Canadian banks have a serious fossil fuel addiction. But it is not just a Canadian problem.
The latest study of corporate data from 60 of the world’s largest banks shows that rather than cutting back on the funding of fossil fuel projects since the 2016 global agreement to limit greenhouse gases, they have increased that funding to $3.8 trillion US in the past five years.
The report outlining the data, titled Banking on Climate Chaos 2021, is the 12th annual tally of fossil fuel financing by a group of seven climate advocacy organizations, including Rainforest Action Network and the Sierra Club, both based in the United States.
The good news for those concerned about climate change is that a crash in the fossil fuel business during the COVID-19 pandemic led to a sharp drop in investment growth in 2020, but the report’s authors fear that a growing recovery this year will lead to a “snap back to business as usual.”
Although U.S. banks, including JPMorgan Chase, have committed to establishing emissions targets for their financing portfolios in line with the Paris climate accord, the report declares that North America’s biggest bank has also been “the world’s worst fossil bank” over the past five years, lending $317 billion to the industry.
RBC punches above its weight
And while U.S. banks lead the pack, Canada’s RBC has the dubious honour of punching above its weight. Four Canadian banks are in the top 20, including RBC, TD, Scotiabank and Bank of Montreal.
“Citi follows as the second-worst fossil bank, followed by Wells Fargo, Bank of America, RBC and MUFG [Mitsubishi],” the fossil fuel finance report says. “Barclays is the worst in Europe and Bank of China is the worst in China.”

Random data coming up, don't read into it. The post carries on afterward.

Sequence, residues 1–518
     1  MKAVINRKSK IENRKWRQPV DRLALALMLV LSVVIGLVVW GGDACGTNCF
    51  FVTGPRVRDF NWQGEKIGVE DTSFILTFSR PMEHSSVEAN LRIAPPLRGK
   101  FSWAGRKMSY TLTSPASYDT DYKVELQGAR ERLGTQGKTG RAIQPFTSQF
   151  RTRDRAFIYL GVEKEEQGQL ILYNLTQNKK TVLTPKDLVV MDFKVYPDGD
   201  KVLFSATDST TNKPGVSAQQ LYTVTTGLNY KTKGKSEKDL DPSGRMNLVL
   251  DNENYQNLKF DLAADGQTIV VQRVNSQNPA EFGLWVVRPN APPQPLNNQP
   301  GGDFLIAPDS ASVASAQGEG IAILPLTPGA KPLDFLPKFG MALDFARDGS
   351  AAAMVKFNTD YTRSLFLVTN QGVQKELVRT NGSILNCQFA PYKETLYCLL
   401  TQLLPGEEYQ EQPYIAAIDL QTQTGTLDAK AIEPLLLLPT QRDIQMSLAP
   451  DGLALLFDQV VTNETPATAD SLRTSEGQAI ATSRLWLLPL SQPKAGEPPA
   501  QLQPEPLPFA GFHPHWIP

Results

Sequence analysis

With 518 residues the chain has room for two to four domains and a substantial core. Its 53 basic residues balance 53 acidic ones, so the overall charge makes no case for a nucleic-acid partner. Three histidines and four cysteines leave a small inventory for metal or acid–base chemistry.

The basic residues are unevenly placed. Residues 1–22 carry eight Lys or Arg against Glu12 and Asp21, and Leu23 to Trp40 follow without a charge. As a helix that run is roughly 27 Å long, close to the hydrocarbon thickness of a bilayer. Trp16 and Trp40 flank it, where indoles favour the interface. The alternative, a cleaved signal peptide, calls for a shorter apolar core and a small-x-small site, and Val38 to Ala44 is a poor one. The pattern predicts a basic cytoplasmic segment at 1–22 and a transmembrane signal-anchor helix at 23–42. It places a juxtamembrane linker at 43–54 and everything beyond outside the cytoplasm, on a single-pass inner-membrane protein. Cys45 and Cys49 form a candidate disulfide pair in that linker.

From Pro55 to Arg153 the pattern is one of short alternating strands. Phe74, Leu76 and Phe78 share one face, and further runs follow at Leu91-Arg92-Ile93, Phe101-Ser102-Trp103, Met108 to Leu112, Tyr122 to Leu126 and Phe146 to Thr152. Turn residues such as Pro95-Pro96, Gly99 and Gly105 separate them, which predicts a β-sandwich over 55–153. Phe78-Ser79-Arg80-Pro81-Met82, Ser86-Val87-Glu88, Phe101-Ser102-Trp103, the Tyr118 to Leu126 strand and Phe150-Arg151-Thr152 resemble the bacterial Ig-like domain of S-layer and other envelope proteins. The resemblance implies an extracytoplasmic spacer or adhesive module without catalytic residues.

Despite repeated calls by people like former central banker Mark Carney and business leaders such as Larry Fink, CEO of investment giant BlackRock, for companies to decarbonize to avoid risks to the entire economic system, people close to Canada’s banking industry say banks like RBC are having trouble changing direction.
“There’s a lot in the Canadian psyche and history that is wrapped up in the fossil fuel economy, and we’re feeling some of that inertia right now,” said Laura Zizzo, co-founder and CEO of Manifest Climate, a Toronto company that advises financial institutions across North America on strategies to help them navigate climate change.
Working closely with Canada’s big banks — though she wouldn’t say whether RBC was one of her clients — Zizzo said she is convinced that people at the highest corporate levels really are committed to change. It’s just happening more slowly than many who fear the impact of climate change would like to see.
Responding to my question asking why Canada’s biggest bank continued to lend such large amounts — $160 billion over the past five years — to the fossil fuel industry and its projects, RBC reaffirmed its commitment to net zero emissions, including a promise of $500 billion in sustainable finance by 2025. It said it was also the first bank to commit not to lend to resource projects in Alaska’s Arctic National Wildlife Refuge.
But in a country where there is so much political and economic pressure for oil and gas development, RBC said that to be successful, its move to net zero must be gradual.
“This transition is vitally important and it must be done in an inclusive manner that brings all sectors and communities along or we won’t achieve the support we need to meet these goals,” RBC said in an email.
Bad for banks, as well as the climate
As Carney — who was governor of both the Bank of Canada and Bank of England before becoming head of impact investing at Brookfield Asset Management — has warned in the past, when financial institutions take a stake in long-term fossil fuel projects, it is not just bad for the climate.
In order to hold temperatures at levels scientists say are necessary to keep temperature rise to 2 C, experts say the value of fossil fuel investments must fall to zero in about 30 years. Carney and others say a rush to get out of those investments as the crisis worsens could create a financial risk for the entire economy and for institutions such as banks, pension funds and insurance companies.
It also creates a risk for ordinary Canadians who depend on those institutions for their banking, pensions and insurance, as well as for investors and employees.